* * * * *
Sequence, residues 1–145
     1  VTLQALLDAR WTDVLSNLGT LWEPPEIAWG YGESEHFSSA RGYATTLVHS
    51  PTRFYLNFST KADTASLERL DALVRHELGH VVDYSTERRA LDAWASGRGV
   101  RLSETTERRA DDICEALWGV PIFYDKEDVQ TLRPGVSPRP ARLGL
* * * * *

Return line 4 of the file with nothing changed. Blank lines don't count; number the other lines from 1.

   101  RLSETTERRA DDICEALWGV PIFYDKEDVQ TLRPGVSPRP ARLGL